Back in April 2007 we had a post, "Moral Judgment On 'Sin Stocks' Means Higher Returns For Vice-Friendly Investors" where we explained:
...Prof. Hong lists his research interests as: "Asset pricing with less-than-fully-rational investors; differences of opinion, short-sales constraints and asset prices; social interaction and financial markets; career concerns, biased forecasts and security analysts; organization, performance and mutual funds; asset pricing with asymmetric information and other market imperfections."This apparently tickled the fancy of Mark Gongloff who at the time was both Markets Editor of the online Wall Street Journal and proprietor of the journal's Energy Roundup blog. He titled his post "Blog Roll: The Wages of Sin" and although he was very verde, agreed with the thesis.
Hey! Mine too!...
...The fact that an individual investor (or hedgie) won't be elbowed away from the trough by CALPERS means your entry price into a name won't carry a societal approval premium. On the other hand your exit price will be lower to the extent your universe of buyers is limited to vice-savvy investors (hedgies).
And what does this have to do with global warming investments?
One-as social pressure builds to be perceived as green, see Yahoo yesterday ("Our numbers suck but we're carbon neutral!) we should see an expanding green premium.
Two-as the dirtiest, filthiest, vilest, Hitlerian energy sources are shunned (at least in polite company) their risk premia will shrink. At least until I join my brother Greenshirts in a Night of the Longknives at BTU headquarters, 701 Market St., St. Louis, MO 63101.
Ahem. Excuse me. Got carried away.
See you at the face-painting booth Sunday, Earth Day.
Here's a three year comparison (from BigCharts) of Peabody Energy, the largest coal company in the U.S (BTU); the S&P 500 index; the Vice Fund (VICEX) and the PowerShares WilderHill Clean Energy ETF (PBW). Over the period since the vice post, only BTU shows a profit, up 14-point-something percent, the S&P and VICEX are down approx. 20 and 25% respectively and the clean energy ETF (PBW) is down almost 50%:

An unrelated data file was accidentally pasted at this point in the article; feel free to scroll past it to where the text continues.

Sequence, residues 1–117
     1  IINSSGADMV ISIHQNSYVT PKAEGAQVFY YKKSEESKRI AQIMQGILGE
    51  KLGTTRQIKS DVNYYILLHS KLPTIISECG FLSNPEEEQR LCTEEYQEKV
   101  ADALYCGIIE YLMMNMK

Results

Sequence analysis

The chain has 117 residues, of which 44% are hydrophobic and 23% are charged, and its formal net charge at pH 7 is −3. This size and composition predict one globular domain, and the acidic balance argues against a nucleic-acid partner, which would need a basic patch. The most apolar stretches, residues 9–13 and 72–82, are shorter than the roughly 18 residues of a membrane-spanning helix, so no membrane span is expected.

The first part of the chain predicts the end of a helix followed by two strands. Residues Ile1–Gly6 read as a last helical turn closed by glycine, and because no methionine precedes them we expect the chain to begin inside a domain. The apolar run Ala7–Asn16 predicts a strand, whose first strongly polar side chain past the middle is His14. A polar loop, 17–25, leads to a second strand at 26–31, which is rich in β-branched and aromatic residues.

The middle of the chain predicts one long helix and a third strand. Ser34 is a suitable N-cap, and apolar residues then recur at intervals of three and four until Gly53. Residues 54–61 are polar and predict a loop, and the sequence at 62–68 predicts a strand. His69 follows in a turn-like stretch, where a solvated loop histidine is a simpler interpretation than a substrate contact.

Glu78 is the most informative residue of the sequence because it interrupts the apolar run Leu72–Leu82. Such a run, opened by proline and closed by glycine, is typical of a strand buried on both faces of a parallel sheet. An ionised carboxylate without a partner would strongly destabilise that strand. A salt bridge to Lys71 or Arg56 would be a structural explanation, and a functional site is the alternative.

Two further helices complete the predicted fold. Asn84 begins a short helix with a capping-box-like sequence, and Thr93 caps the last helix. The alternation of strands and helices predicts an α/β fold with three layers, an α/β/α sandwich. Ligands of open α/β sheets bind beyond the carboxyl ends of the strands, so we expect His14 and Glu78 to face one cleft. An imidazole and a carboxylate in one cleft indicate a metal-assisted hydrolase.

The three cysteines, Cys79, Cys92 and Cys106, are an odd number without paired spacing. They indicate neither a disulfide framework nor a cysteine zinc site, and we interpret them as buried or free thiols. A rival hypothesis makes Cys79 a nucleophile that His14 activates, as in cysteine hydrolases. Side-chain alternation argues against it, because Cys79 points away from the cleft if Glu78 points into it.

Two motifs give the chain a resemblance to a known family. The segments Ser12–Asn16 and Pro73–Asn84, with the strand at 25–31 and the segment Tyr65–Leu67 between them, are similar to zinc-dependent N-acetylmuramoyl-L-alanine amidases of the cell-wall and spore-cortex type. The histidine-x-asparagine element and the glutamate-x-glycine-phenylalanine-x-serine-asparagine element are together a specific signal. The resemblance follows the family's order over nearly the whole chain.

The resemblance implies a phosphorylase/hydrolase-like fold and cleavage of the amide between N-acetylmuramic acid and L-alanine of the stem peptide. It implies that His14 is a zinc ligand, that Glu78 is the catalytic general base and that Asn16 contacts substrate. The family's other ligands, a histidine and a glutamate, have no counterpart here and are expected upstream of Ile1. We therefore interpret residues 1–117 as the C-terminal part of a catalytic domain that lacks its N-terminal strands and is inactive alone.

Mr. Buffett knows the pleasures of sin, witness BRK's ownership of KO, See's Candies, BNSF- the nations largest coal hauler, Dairy Queen*, etc. Here's the headline story, from DealBook:
Berkshire Hathaway announced late Monday that McLane, its subsidiary, had struck a deal to acquire Kahn Ventures, which distributes wine, beer and spirits in Georgia and North Carolina. The company did not disclose how much it had agreed to pay.
Kahn operates through a unit called Empire Distributors. True to custom, Berkshire will keep the management of the distributor in place, saying that “the only change to Empire’s business will be new access to enhanced resources, operational best practices and intellectual capital.”
In the statement, Warren E. Buffett raised the possibility of more such deals.
“We expect that the Empire acquisition will provide us with a solid platform for potentially acquiring other similar high quality wholesale distributors,” he said.
The Berkshire unit, McLane, is a wholesale distributor in the food service sector, and supplies more than 60,000 locations, according to the statement.
DealBook links to the press release that came out over BusinessWire (a Berkshire Hathaway company).
*Speaking of sin, here's Warren explaining credit default swaps during the roll-out of the Thin Mint Blizzard at an Omaha DQ:
Okay what he actually said was:
“The biggest suggestion I have is to avoid credit cards. Interest rates are very high on credit cards. Sometimes they are 18 percent. Sometimes they are 20 percent. If I borrowed money at 18 or 20 percent, I’d be broke… So if I had one piece of advice for young people generally it would be to just avoid credit cards.”
-From the Dairy Queen blog.